Officer will appeal his reprimand over K-9
He mistook a 10-year-old boy for a burglary suspect
Published: Saturday, January 15, 2011 at 10:18 p.m.
Last Modified: Saturday, January 15, 2011 at 10:18 p.m.
The union representing Gainesville Police Cpl. Tim Durst will appeal the reprimand he was given last week for letting his police dog loose on a 10-year-old boy last year, resulting in bite marks to the boy's leg.
Fraternal Order of Police President Jeff McAdams, a GPD officer, said Durst did not violate any policies and did as he was trained in releasing his dog, Grady, on Bryce Bates when responding to a burglary-in-progress call that turned out to be false.
"He should not have gotten any discipline. They have not proven that he violated any policy," McAdams said. "This was one of the most incredible, unfortunate incidents — and embarrassing incidents — in the history of the Gainesville Police Department. But in the set of events that led up to it, Tim did nothing wrong."
The FOP will hold a rally for Durst along with a news conference Tuesday at 4 p.m. in front of GPD headquarters on Northwest Sixth Street.
Durst made a judgment error in freeing his dog before verifying that a reported crime had occurred and failing to verify that the description of the boy matched the reported suspects, according to an internal affairs report released Thursday.
Chief Tony Jones told The Sun on Thursday that the reprimand was the appropriate punishment given the policies in place at the time. He added that new guidelines regarding the release of police dogs have been implemented.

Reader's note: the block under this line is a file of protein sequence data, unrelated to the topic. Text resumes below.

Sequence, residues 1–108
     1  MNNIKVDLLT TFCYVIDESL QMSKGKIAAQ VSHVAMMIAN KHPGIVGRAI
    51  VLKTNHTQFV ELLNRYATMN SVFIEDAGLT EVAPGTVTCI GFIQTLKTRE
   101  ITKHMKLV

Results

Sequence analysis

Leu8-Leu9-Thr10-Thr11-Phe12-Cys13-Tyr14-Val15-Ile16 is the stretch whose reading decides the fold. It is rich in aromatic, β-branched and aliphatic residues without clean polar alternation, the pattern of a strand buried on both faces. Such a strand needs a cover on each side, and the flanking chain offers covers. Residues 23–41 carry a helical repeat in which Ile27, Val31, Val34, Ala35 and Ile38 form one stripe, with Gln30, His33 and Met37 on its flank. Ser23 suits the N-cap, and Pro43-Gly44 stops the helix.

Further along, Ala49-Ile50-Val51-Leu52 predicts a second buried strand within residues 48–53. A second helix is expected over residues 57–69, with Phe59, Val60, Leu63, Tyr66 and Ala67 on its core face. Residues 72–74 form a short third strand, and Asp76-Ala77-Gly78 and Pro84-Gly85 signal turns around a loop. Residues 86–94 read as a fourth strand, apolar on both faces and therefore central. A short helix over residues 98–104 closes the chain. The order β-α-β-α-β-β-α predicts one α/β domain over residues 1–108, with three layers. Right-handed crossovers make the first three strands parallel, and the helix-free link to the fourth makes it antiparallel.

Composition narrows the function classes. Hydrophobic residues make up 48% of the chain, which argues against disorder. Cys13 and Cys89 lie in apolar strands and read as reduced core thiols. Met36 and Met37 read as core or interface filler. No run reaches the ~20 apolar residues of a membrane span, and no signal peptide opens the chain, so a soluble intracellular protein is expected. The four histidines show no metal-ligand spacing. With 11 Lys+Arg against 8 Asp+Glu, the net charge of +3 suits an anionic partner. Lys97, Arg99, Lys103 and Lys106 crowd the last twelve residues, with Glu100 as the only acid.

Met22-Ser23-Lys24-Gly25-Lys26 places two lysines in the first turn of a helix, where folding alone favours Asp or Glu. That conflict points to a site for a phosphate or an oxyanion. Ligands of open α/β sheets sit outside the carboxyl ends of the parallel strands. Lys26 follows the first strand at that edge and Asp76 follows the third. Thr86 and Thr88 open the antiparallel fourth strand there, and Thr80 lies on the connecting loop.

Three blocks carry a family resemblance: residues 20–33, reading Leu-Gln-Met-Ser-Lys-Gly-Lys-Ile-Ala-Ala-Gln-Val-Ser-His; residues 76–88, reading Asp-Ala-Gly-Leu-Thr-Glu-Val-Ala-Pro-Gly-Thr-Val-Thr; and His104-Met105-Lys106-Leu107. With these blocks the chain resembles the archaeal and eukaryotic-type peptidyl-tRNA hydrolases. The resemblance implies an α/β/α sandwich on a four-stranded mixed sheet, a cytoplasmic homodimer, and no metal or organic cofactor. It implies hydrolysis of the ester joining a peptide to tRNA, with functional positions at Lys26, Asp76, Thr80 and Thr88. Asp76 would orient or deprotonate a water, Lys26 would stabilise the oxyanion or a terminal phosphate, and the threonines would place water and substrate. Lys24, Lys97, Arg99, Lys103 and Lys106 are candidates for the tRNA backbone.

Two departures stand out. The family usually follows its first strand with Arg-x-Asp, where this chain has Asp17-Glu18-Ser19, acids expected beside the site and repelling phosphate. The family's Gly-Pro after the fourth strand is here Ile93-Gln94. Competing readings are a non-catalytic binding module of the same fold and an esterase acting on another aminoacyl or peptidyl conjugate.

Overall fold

At the time of the incident, GPD's manual regarding the use of dogs for apprehension stated a K-9 could be released to prevent the escape of a person whom the officer believes has committed a felony offense; if the subject has outstanding warrants; or if the person is believed to be armed and a serious threat to officers.
Also, the officer must warn the subject to stop, according to the manual, and state that the dog will be released if the subject does not stop.
Now, officers can release their dogs only when a felony property crime has been verified. The officer must reasonably believe that the suspect was involved. The dogs cannot be freed on people under the age of 16 unless they are involved in a violent crime, Jones said.
Bryce was bitten on Aug. 8 just after a burglary-in-progress call was reported about 3:20 p.m. in the 3400 block of Northwest 21st Drive.
Bryce had retrieved mail at the entrance of the condominium complex and had ridden his bicycle a short distance when he saw a police car speeding toward him.
Fearful, Bryce hopped off his bike and ran toward home. Reports and McAdams said Durst yelled several times for Bryce to stop, then released Grady when he didn't. Bryce was bitten just as he got to the door of his home.
McAdams said Durst could not tell from a distance that Bryce was a 10-year-old boy.
"A burglary-in-progress is a huge issue because that dwelling can be occupied, and lives can be at risk," McAdams said. "Tim's training kicked in. As soon as Tim rounded the corner, the kid was 200 yards away from the residence of the burglary riding a bike. He threw his bike down and ran. I'm a cop — if I see anybody throw down a bike and run, I'm thinking they did something wrong."
McAdams said the union will go to arbitration on the reprimand, adding he believes Durst will prevail.
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